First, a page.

Don, "It was caused as much by British Inheritance laws as they applied to Ireland as anything else." I'd heard that the inheritance laws of splitting the land between all the sons was an Irish thing - I'd never heard of it being a law imposed on the Irish by the British. This link seems to say the same. Any info? Incidentally (to add another musical aside), Show of Hands' song "Man of War" is about a (Dorset) man serving in the Navy because the newly-split farm isn't large enough to support his family.
Using Google, which knows all... :-) Guest TBR, this link says 8.2m to 6.6m. Also note that many Irish emigrated to Britain for work in the new factories (as indeed did many English people, who were also suffering from the potato blight, and from a coinciding cholera epidemic). This link puts the Irish population of Liverpool as 22%.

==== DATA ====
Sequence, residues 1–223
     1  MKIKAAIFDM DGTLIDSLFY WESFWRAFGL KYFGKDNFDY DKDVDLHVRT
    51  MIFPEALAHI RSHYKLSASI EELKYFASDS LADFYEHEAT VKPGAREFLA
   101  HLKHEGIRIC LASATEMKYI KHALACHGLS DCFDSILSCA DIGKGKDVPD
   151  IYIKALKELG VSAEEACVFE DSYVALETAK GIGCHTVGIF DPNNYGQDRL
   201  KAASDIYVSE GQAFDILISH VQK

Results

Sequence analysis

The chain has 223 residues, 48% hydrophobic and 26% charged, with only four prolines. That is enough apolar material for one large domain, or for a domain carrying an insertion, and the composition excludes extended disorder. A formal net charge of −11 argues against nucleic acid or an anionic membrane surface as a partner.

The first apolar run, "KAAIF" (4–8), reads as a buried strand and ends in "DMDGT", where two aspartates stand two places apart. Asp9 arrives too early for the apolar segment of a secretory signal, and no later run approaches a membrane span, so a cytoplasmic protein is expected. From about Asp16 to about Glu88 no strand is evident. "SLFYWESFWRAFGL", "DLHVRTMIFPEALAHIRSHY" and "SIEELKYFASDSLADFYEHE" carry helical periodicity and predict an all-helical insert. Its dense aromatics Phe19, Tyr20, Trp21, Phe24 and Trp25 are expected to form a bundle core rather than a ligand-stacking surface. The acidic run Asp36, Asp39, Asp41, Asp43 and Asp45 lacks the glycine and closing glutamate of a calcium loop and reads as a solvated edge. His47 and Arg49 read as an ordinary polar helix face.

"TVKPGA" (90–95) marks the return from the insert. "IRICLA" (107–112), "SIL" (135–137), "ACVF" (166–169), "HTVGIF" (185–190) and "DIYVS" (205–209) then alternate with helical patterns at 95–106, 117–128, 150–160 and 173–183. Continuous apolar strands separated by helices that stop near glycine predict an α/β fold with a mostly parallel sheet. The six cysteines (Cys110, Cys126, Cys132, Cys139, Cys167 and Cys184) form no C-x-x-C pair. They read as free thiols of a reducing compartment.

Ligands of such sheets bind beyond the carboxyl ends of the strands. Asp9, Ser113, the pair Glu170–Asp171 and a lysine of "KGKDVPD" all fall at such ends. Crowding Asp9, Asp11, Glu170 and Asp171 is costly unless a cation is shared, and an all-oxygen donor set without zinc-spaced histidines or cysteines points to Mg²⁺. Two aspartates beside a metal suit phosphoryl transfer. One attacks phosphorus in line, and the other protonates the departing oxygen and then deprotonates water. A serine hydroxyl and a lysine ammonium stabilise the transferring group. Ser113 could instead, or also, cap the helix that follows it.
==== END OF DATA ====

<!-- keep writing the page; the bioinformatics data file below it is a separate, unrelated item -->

Oh, and (first link again) "Between 1815 and 1914 about 16.4 million emigrated from Britain. About 11 million went to the USA, 2.55 million to Canada, 2 million to Australia and New Zealand, and 850,000 to South Africa. Of these 16.4 million about 4 million were from Ireland." Coffin ships were not exclusively the preserve of the Irish.
PS. Please don't make me out to be a typical Brit making excuses. The thought of what the landowners did makes my blood boil. But the English landowners were doing it to their tenants on the other side of the Irish Sea as well, and not all landlords were English in any case which kind of twists the knife worse. It ain't just as simple as the "Brits screwing the Irish again".